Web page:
CARSON CITY, Nev. (AP) -- Nevada gambling revenues fell 4.8 percent in June compared with the same month a year earlier, largely due to the absence of special events that draw high rollers to the Las Vegas Strip and bettors being luckier than the house, state regulators reported Friday.
Casinos statewide won $792.5 million from gamblers in June, down from $832.5 million collected in June 2012 — when gamblers packed the Las Vegas Strip for a boxing bout between Manny Pacquiao and Tim Bradley.
Once again, baccarat, a high-roller game favored by Asian gamblers, affected the monthly revenue outcome.
The $700 million wagered on baccarat was down $134.5 million or 16.1 percent, and baccarat players had a better month than the house, said Mike Lawton, senior analyst with the Nevada Gaming Control Board.
"It was kind of a double whammy," Lawton said.
The $52.1 million casinos won from baccarat play was down $51 million, or nearly 50 percent, compared with June 2012. Excluding baccarat, the total statewide win would have posted a 1.5 percent gain.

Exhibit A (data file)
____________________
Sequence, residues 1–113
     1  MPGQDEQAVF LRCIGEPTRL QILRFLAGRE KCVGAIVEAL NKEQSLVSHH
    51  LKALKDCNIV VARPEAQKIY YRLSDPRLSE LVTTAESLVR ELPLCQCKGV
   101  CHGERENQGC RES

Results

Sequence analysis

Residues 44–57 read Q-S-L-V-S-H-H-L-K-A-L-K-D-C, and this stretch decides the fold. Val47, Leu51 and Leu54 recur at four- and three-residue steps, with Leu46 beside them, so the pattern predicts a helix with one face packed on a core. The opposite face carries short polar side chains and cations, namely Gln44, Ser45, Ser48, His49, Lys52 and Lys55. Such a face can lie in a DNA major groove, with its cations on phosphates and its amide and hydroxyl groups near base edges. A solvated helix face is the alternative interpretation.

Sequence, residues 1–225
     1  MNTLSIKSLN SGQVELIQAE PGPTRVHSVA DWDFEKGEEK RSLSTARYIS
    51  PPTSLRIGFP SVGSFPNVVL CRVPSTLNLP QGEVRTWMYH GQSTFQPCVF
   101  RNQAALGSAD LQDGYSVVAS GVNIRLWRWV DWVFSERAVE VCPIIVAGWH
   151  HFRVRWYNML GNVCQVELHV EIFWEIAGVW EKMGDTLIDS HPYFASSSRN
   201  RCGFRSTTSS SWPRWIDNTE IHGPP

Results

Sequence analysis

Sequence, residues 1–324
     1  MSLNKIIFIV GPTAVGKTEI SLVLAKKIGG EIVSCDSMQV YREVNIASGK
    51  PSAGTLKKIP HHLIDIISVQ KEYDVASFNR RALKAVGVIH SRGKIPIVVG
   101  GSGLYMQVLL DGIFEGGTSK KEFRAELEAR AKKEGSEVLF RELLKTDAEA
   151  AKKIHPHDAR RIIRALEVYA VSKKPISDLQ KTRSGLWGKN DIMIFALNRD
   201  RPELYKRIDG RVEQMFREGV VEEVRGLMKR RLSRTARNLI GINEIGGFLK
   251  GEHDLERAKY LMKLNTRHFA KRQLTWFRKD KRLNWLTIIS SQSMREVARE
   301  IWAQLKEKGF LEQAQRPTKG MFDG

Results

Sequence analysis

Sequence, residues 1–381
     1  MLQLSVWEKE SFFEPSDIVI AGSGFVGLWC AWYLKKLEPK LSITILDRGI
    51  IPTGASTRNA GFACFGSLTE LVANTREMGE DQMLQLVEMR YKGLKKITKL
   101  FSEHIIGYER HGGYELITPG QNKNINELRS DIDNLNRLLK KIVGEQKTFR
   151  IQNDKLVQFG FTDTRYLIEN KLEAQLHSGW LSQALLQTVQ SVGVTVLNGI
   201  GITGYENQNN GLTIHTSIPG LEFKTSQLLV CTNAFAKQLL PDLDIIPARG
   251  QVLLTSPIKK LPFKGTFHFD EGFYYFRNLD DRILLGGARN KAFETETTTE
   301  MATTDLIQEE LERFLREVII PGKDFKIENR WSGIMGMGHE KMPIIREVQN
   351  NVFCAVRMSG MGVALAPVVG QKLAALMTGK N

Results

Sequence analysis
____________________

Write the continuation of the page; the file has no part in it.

Las Vegas Strip winnings of $435 million in June were down 10 percent year-over-year, or $49 million.
But the situation was the opposite a little further down the road: Downtown Las Vegas winnings of $37 million were up 9 percent.
Reno casino revenue totaled $49 million in June, down about 3 percent. South Lake Tahoe winnings of $13 million dropped 24 percent.
The state collected $43 million in taxes based on the June winnings, which was up 13 percent from the prior year. Collections and revenues do not always correlate because a lot of bets are made on credit. Casinos don't pay taxes on those winnings until the debts are paid.
The "win" is what was left in casino coffers after gamblers wagered $10.8 billion. A statewide breakdown shows $8.5 billion was plucked into slot and video poker, while $2.3 billion was bet on card and table games.
For the fiscal year that ended June 30, casinos won $10.9 billion, an increase of 1.8 percent.
"This is the state's third consecutive fiscal year increase after three consecutive declines," Lawton said.
Gamblers wagered a combined $138.3 billion, a 1 percent drop from the previous year and nearly 19 percent below the peak $170.4 billion wagered in 2007 before the recession.
Baccarat winnings for the year totaled $1.4 billion, up 13.6 percent and marking the fourth straight year the game surpassed blackjack as biggest single-game revenue generator after bettors wagered $11.3 billion. Both the volume of play and the amount won by casinos were records.
"It was definitely a baccarat-driven fiscal year," Lawton said.